PMCCPMCCPMCC

Search tips
Search criteria 

Advanced

 
Logo of jvirolPermissionsJournals.ASM.orgJournalJV ArticleJournal InfoAuthorsReviewers
 
J Virol. Jul 2011; 85(13): 6212–6219.
PMCID: PMC3126525
Ubiquitin-Specific Peptidase 20 Targets TRAF6 and Human T Cell Leukemia Virus Type 1 Tax To Negatively Regulate NF-κB Signaling[down-pointing small open triangle]
Junichiro Yasunaga,1 Frank C. Lin,1 Xiongbin Lu,2 and Kuan-Teh Jeang1*
1Molecular Virology Section, Laboratory of Molecular Microbiology, National Institute of Allergy and Infectious Diseases, National Institutes of Health, Bethesda, Maryland
2Department of Cancer Biology, The University of Texas MD Anderson Cancer Center, Houston, Texas
*Corresponding author. Mailing address: 9000 Rockville Pike, Building 4, Room 303, Bethesda, MD 20892. Phone: (301) 496-6680. Fax: (301) 480-3686. E-mail: kjeang/at/niaid.nih.gov.
Received January 12, 2011; Accepted April 11, 2011.
NF-κB plays a key role in innate and acquired immunity. Its activity is regulated through intricate signaling networks. Persistent or excessive activation of NF-κB induces diseases, such as autoimmune disorders and malignant neoplasms. Infection by human T cell leukemia virus type 1 (HTLV-1) causes a fatal hematopoietic malignancy termed adult T cell leukemia (ATL). The HTLV-1 viral oncoprotein Tax functions pivotally in leukemogenesis through its potent activation of NF-κB. Recent findings suggest that protein ubiquitination is crucial for proper regulation of NF-κB signaling and for Tax activity. Here, we report that ubiquitin-specific peptidase USP20 deubiquitinates TRAF6 and Tax and suppresses interleukin 1β (IL-1β)- and Tax-induced NF-κB activation. Our results point to USP20 as a key negative regulator of Tax-induced NF-κB signaling.
Protein ubiquitination is an essential posttranslational modification that is implicated in many biological processes (14, 52). Ubiquitin is a small protein composed of 76 amino acids. It contains 7 lysine residues (K6, K11, K27, K29, K33, K48, and K63). Multiple ubiquitin monomers can become covalently linked, and polyubiquitin molecules linked through the lysine 48 residue (K48) are known to modulate protein degradation. In contrast, polyubiquitin molecules linked through the lysine 63 (K63) residue do not induce degradation but influence protein localization, protein-protein interaction, protein functional activation, and other activities (14, 44). The addition of ubiquitin to or the removal of ubiquitin from protein substrates can reversibly and dynamically change protein functions, and these reactions are executed by ubiquitin ligases and deubiquitinases (44). Accordingly, the ubiquitination process is mediated by the serial actions of E1 ubiquitin-activating enzyme, E2 ubiquitin-conjugating enzyme, and E3 ubiquitin ligase (14, 52), and deubiquitination is through deubiquitining enzymes (DUBs) that directly remove ubiquitin molecules from their substrates (32). Based on sequence analyses, approximately 90 DUB genes have been identified in the human genome. These DUBs are divided into 5 subclasses according to their protein sequences: the ubiquitin C-terminal hydrolases (UCHs), ubiquitin-specific proteases (USPs), Machado-Joseph disease protein domain proteases (MJDs), ovarian tumor proteases (OTUs), and JAMM motif proteases (32). The specificities and actions of these various deubiquitinases remain to be fully characterized.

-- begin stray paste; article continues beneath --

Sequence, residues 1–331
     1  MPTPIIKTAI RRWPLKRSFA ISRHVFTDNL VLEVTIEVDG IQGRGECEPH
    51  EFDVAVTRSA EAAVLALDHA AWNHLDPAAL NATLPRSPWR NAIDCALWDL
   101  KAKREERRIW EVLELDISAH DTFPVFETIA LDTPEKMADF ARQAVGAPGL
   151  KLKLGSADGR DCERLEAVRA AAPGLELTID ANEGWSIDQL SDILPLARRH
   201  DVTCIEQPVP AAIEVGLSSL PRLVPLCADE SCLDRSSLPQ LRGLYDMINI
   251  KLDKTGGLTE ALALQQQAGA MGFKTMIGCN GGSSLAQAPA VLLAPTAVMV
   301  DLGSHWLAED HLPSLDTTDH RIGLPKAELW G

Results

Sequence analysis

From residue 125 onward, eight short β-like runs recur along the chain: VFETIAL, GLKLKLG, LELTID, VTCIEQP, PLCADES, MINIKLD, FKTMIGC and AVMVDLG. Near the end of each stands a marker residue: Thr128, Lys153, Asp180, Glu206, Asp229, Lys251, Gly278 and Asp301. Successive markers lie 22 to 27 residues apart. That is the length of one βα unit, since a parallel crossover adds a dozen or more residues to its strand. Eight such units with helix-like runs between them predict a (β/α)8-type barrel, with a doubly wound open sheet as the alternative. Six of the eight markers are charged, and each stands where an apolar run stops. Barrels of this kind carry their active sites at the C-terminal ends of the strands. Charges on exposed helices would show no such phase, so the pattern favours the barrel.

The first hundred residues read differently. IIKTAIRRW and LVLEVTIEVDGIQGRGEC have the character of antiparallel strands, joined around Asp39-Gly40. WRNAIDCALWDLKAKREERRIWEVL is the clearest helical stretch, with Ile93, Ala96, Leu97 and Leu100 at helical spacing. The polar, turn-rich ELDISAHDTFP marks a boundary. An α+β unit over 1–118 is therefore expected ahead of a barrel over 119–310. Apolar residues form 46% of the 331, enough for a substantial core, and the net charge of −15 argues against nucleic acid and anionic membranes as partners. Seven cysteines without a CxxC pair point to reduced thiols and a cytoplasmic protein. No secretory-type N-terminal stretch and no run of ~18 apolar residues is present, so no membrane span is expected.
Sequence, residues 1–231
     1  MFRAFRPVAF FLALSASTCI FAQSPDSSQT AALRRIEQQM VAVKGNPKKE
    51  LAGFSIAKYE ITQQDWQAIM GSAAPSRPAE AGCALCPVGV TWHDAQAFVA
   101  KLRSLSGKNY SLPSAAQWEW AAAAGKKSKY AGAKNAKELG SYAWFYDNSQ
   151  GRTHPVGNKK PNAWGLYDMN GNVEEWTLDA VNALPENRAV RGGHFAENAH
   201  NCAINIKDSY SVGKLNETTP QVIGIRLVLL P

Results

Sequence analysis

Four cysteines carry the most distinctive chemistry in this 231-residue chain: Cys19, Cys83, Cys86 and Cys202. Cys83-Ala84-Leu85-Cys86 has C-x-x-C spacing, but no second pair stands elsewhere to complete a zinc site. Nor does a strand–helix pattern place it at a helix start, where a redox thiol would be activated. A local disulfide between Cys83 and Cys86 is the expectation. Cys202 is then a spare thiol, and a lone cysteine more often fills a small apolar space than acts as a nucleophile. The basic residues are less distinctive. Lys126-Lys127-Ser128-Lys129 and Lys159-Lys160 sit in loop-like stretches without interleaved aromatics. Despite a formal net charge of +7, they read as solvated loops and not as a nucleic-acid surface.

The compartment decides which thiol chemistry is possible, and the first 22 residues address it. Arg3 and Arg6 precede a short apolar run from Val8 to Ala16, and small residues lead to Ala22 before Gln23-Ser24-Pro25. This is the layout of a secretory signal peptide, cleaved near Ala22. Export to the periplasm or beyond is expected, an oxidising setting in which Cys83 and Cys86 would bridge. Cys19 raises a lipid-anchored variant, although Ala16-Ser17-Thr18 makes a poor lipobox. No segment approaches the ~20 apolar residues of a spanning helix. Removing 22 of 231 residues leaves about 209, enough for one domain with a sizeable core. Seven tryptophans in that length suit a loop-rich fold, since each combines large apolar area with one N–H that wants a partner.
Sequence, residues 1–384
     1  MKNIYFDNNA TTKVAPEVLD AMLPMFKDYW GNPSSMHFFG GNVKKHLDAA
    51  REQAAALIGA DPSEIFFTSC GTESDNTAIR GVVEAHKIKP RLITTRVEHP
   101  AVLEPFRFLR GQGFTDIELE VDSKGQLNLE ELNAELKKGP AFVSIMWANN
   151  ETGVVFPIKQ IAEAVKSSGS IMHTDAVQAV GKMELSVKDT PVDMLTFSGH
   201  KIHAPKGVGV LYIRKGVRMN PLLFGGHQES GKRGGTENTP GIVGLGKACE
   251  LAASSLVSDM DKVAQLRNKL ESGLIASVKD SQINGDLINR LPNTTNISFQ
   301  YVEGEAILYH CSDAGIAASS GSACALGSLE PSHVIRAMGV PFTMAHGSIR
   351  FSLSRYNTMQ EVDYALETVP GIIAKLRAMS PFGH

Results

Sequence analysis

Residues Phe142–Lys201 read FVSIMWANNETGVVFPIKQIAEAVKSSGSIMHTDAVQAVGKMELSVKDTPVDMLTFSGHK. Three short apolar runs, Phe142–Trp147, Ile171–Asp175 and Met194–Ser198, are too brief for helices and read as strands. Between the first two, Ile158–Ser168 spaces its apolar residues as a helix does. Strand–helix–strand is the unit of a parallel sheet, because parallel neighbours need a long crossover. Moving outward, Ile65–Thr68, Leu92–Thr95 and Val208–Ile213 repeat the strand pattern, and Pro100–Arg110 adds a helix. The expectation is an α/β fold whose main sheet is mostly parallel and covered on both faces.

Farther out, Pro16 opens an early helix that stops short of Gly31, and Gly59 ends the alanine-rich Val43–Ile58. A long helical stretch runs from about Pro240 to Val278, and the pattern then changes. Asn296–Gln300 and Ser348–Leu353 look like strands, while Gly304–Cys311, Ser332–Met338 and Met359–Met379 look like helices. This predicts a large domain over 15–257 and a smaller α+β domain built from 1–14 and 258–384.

In mammals, NF-κB signaling plays key roles in inflammation, cell proliferation, and apoptosis (36). Like phosphorylation, ubiquitination is an important posttranslational modification that can regulate NF-κB activity (43). For example, the ubiquitination of a regulatory subunit in the IKK complex, IKKγ which is also known as NEMO, has a central role in signal transduction. It has been shown that K63-linked linear conjugation of ubiquitin to IKKγ positively regulates NF-κB signaling (47, 53). In addition, the ubiquitination of tumor necrosis factor receptor-associated factors (TRAFs) is also important for IKK activation. TRAF6 is an E3 ubiquitin ligase, and it performs self-ubiquitination through K63-linked chains upon cellular activation through Toll-like receptors (TLRs) and cytokine receptors (8). Moreover, in the canonical NF-κB pathway, IκBα, which sequesters NF-κB proteins in the cytoplasm in an inactive state, is conjugated with K48-linked polyubiquitin chains and is proteasomally degraded when cells are stimulated to activate NF-κB (4). Similarly, cellular activation induces the ubiquitination and proteosomal processing of NF-κB2 p100 to p52, allowing NF-κB RelB/p52 dimers to translocate into the nucleus.
The role of DUBs in the NF-κB pathway has also been studied. For example, the familial cylindromatosis tumor suppressor CYLD is one of the DUBs that have been found to suppress NF-κB activity. CYLD has been shown to bind IKKγ and to reduce the ubiquitination of TRAF2, TRAF6, and IKKγ (3, 24, 48). A20 is a second well-studied DUB that negatively regulates NF-κB activation by reducing the ubiquitination of TRAF2, TRAF6, and RIP1 (17, 20, 41). A20 has dual activities in ubiquitination and deubiquitination. Hence, A20 with TAX1BP1 as a cofactor promotes the cleavage of K63-linked polyubiquitin chains on RIP1, and A20 with E3 ligase Itch can conjugate K48-linked chains on RIP for proteosomal degradation (39, 51). Recently, it was also found that A20 can inhibit the ubiquitination of TRAF2 and TRAF6 by dissociating complexes composed of TRAFs and E2 ubiquitin-conjugating enzymes (41).